I have a pretty small chest (34B). Do I still need to get expensive bras, or will the Champion ones from Target be OK? I mainly bike but do a little running and walking.

Certainly you are lucky as a B cup because you have many more choices in the marketplace for sports bras that are stylish and offer good enough support!  But you still do need to make sure your bra does a good job of wicking away sweat, and doesn't chafe or annoy you.  C9 by Champion sports bras at Target are a great value, will certainly work for biking, running and walking.

I'm 14 weeks pregnant, and not only are my breasts growing, but they're much more sensitive. Do you have any recommendations for sports bras that would be good for pregnant ladies? (If it helps, I'm normally a small C-cup; not sure what I am now!) Thank you!

One things we've found in sports bra research in the sport science lab is that extra motion can definitely cause extra discomfort.  So you may need to look for more support than in the past--look for a high support rating on the sports bra hangtag.  A style like Champion's 6242 Seamless Underwire sports bra actually fits across more than one cup size due to subtle stretch in the cups, and would "expand" to fit you as change size.  It's also really soft and body-friendly, straps and bottom band adjust so you can personalize fit and support.  P.S.  I personally went from a B pre-pregnancy to a C during most of pregnancy, to a D right after delivery, then back to a C during my year of nursing!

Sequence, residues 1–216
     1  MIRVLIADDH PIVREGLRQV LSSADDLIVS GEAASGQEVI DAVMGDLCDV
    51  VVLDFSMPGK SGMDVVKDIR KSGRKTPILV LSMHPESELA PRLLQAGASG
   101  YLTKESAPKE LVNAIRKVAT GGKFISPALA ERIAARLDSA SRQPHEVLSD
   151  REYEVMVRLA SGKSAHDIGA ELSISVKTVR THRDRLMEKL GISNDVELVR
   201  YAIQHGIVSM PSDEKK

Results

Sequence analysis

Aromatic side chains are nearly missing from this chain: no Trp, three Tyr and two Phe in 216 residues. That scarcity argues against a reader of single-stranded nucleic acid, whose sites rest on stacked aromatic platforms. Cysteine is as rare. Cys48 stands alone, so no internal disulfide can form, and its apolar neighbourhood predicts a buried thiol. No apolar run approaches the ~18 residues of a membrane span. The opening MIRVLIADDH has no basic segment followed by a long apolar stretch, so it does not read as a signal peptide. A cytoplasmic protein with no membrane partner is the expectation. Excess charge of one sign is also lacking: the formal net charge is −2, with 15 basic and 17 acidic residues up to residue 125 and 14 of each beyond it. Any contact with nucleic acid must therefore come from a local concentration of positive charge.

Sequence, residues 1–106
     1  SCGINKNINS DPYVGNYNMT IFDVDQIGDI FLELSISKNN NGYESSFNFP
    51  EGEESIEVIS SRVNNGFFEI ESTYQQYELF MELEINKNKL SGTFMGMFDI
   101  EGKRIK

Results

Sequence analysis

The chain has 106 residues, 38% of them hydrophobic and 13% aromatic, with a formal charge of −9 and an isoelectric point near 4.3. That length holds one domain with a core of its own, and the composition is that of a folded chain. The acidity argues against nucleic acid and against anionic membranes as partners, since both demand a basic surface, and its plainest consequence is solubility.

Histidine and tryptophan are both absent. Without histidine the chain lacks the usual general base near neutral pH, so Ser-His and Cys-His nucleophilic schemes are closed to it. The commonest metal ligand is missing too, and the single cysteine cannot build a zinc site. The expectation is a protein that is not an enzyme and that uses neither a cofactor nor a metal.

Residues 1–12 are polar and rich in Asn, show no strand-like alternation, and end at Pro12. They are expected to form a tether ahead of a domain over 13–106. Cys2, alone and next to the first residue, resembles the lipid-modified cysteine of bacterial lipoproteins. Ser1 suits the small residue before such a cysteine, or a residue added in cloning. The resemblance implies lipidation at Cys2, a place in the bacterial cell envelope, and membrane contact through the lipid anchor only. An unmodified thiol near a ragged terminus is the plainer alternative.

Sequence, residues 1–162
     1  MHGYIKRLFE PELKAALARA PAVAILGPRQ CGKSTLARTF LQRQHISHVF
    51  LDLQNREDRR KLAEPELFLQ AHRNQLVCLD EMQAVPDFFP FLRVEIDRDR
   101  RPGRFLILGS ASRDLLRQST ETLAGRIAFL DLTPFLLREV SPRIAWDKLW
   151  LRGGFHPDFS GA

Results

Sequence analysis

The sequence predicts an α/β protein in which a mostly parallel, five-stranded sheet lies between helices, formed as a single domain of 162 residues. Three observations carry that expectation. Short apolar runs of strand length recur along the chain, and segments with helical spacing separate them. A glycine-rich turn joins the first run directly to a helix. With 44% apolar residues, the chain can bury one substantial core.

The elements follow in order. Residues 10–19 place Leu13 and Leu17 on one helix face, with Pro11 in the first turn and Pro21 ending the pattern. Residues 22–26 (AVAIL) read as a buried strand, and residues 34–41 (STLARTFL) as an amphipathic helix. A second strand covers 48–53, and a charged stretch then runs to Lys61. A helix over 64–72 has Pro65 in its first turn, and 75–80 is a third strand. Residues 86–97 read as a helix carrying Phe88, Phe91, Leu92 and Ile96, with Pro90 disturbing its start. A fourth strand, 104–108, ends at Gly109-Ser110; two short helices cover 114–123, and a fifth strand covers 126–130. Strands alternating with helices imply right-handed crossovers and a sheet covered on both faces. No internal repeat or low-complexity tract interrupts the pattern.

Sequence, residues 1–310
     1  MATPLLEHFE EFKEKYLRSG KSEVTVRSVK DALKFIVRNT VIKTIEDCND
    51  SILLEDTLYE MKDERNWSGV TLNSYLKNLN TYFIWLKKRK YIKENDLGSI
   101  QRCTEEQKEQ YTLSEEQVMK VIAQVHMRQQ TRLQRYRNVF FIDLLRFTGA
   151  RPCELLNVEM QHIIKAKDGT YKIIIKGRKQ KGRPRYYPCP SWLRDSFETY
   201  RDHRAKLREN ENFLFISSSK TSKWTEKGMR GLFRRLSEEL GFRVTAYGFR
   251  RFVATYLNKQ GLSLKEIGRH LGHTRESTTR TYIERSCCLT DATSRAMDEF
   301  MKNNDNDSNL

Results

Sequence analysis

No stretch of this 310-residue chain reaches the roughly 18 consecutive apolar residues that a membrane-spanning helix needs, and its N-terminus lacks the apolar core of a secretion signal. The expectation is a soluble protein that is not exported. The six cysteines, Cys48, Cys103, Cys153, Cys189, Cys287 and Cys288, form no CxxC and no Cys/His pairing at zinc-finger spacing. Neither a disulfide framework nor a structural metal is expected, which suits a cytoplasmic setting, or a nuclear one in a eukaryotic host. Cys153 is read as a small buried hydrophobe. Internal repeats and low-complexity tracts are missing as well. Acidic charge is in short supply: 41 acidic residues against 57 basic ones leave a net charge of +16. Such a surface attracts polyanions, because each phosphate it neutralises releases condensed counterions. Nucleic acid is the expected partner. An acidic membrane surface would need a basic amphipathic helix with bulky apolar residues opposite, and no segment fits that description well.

Since taking up weight lifting I've dropped inches in my chest (down to a 32!) but not my bust (now an H). Are sports bras even made for people like me? The general S-M-L sizing doesn't seem to apply.

You're right! The S-M-L sizing doesn't apply to you. But that's why bras are increasingly being sold by cup and band size. I'm curious -- what are you wearing now?

Take a look at and may be able find just what you need for your size.

I've been fitted for regular bras by a professional, can I use the same measurement when getting my sports bras? I've done that for the one's I have and they fit well but am wondering if I need to get a sports bra fitting as well. Please advise!

The question is: How long ago were you fitted for a regular bra? Weight fluctuates, which will change your size. At Fleet Feet Gaithersburg, sports bra buyer Melissa Barber told me she recommends customers get fit every six months. It can't hurt, right?